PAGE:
Fate plays a rather important role in the play, Hamlet, by William Shakespeare. It relates to the death of many characters, as well as their intentions, and the actions that follow. Although the individual characters" actions could be justified in such a way as to imply that they are completely random, the likelihood is slim. There is enough evidence in Hamlet, regarding fate, that the audience should have no trouble in identifying and examining it.
The protagonist of the play, Hamlet, suffers the fate of death by poison. He enters a fencing match with Laertes, and Laertes poisons the tip of his sword. When Hamlet is cut by it, his end begins. On that very note, the cup that Claudius offers Hamlet, to drink from, is also poisoned. When Hamlet is successful in the match, his mother accidentally drinks from the cup.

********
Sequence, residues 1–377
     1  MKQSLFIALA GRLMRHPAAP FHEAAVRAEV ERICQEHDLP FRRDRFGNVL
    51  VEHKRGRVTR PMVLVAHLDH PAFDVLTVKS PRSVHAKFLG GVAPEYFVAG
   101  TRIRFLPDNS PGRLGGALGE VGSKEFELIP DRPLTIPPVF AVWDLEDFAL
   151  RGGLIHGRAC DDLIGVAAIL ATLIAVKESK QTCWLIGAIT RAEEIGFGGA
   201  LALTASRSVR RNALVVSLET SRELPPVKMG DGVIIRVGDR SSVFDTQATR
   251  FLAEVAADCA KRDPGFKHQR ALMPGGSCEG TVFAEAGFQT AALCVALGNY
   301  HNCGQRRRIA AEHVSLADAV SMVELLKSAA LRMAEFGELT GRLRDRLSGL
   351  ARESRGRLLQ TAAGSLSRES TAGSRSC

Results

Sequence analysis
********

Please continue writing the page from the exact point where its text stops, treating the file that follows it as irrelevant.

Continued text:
The mother's death is the first real example of a character's fate that could be, otherwise, justified as random. Upon examination, however, it is clear that this is fate. It serves as the punishment that Claudius must witness before he dies. She was one person he did not want to poison, and yet she is the person first poisoned in the scene. In addition, it makes sense that the entire family would die of this poison, in one form or another.
Ophelia's unfortunate fate is also that of death. She commits suicide by throwing herself into the river, and drowning. Her madness stems from the death of her father, killed by Hamlet (accidentally, as fate would have it). What makes it so obvious about her death being fate is the fact that she drowns herself among the same flower garlands that she gathered, earlier.
Vengeance is one of the motives used by characters in the play to carry out their actions. When Hamlet kills Polonius, Laertes exacts revenge on him using the tip of the poisoned sword. Fortinbras wishes to gain Denmark in order to avenge his father's death. Most importantly, Hamlet intends to kill Claudius for the murder of his father, Hamlet.